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The following code works:

class Foo(tuple):

    def __init__(self, b):
        super(Foo, self).__init__(tuple(b))

if __name__ == '__main__':
    print Foo([3, 4])

$ python play.py 
play.py:4: DeprecationWarning: object.__init__() takes no parameters
  super(Foo, self).__init__(tuple(b))
(3, 4)

But not the following:

class Foo(tuple):

    def __init__(self, a, b):
        super(Foo, self).__init__(tuple(b))

if __name__ == '__main__':
    print Foo(None, [3, 4])

$ python play.py 
Traceback (most recent call last):
  File "play.py", line 7, in <module>
    print Foo(None, [3, 4])
TypeError: tuple() takes at most 1 argument (2 given)

Why?

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2 Answers 2

up vote 31 down vote accepted

Because tuples are immutable, you have to override __new__ instead:

python docs

object.__new__(cls[, ...])

Called to create a new instance of class cls.__new__() is a static method (special-cased so you need not declare it as such) that takes the class of which an instance was requested as its first argument. The remaining arguments are those passed to the object constructor expression (the call to the class). The return value of __new__() should be the new object instance (usually an instance of cls).

Typical implementations create a new instance of the class by invoking the superclass’s __new__() method using super(currentclass, cls).__new__(cls[, ...]) with appropriate arguments and then modifying the newly-created instance as necessary before returning it.

If __new__() returns an instance of cls, then the new instance’s __init__() method will be invoked like __init__(self[, ...]), where self is the new instance and the remaining arguments are the same as were passed to __new__().

If __new__() does not return an instance of cls, then the new instance’s __init__() method will not be invoked.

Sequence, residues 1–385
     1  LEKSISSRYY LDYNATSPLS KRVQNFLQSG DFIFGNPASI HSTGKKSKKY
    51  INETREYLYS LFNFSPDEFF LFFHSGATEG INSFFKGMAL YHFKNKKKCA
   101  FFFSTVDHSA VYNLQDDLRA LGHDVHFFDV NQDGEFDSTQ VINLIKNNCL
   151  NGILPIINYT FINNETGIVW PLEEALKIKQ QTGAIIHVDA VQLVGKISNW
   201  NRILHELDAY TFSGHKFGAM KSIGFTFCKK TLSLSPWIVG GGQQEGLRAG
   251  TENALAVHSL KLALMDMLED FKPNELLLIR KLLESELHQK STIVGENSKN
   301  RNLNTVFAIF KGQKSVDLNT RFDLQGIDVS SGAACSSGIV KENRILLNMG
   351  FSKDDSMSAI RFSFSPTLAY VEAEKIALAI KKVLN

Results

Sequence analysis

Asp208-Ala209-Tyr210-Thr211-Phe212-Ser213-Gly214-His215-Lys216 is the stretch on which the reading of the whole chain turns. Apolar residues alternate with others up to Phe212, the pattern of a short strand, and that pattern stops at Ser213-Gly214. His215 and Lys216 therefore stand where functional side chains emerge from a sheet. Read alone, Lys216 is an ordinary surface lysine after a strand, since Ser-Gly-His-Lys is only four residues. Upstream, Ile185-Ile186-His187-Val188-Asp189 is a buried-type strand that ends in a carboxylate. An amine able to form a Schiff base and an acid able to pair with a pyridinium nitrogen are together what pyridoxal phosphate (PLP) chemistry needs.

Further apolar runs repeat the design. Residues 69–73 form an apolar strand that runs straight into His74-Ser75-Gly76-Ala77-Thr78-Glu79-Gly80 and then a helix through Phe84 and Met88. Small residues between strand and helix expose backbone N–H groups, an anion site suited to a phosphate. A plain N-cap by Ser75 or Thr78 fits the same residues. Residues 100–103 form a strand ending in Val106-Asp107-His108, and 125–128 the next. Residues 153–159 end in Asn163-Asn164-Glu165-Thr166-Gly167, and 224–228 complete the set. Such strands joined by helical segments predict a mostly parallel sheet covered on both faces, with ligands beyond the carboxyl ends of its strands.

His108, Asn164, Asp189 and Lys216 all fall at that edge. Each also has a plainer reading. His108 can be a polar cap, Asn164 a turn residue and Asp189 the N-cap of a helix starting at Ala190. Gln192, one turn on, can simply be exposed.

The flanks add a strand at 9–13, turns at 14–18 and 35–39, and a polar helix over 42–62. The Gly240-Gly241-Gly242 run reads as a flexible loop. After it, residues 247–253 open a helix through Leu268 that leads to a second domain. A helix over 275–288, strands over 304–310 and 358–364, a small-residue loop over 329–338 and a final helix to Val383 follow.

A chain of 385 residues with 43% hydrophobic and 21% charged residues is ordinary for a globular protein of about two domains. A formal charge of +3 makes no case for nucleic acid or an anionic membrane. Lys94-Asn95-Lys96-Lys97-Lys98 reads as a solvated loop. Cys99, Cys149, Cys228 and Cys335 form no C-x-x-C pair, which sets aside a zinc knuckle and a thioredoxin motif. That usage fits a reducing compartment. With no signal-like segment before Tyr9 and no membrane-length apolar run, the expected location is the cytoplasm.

__new__() is intended mainly to allow subclasses of immutable types (like int, str, or tuple) to customize instance creation. It is also commonly overridden in custom metaclasses in order to customize class creation.

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can someone tell me how to quote the whole block so the double underscores don't mean bold? –  gnibbler Oct 14 '09 at 10:32
    
Select the whole pasted text and click on the quote icon (black icon on top of the text box). –  Sridhar Ratnakumar Oct 14 '09 at 10:34
    
Didn't work but it did indent it a little –  gnibbler Oct 14 '09 at 10:42
    
I replaced them all with &#95; –  gnibbler Oct 14 '09 at 10:51
    
Inline code-tags are better in this example. –  Georg Schölly Oct 14 '09 at 10:55

To assign the tuple value you need to override the __new__ method:

class Foo(tuple):

    def __new__ (cls, a, b):
        return super(Foo, cls).__new__(cls, tuple(b))

The arguments seem to be ignored by the __init__ implementation of the tuple class, but if you need to do some init stuff you can do it as follows:

class Foo(tuple):

    def __new__ (cls, a, b):
        return super(Foo, cls).__new__(cls, tuple(b))

    def __init__(self, a, b):
        super(Foo, self).__init__(a,b)
        self.a=a
        self.b=b

if __name__ == '__main__':
    foo = Foo(None, [3, 4])
    print foo
    print foo.a
    print foo.b
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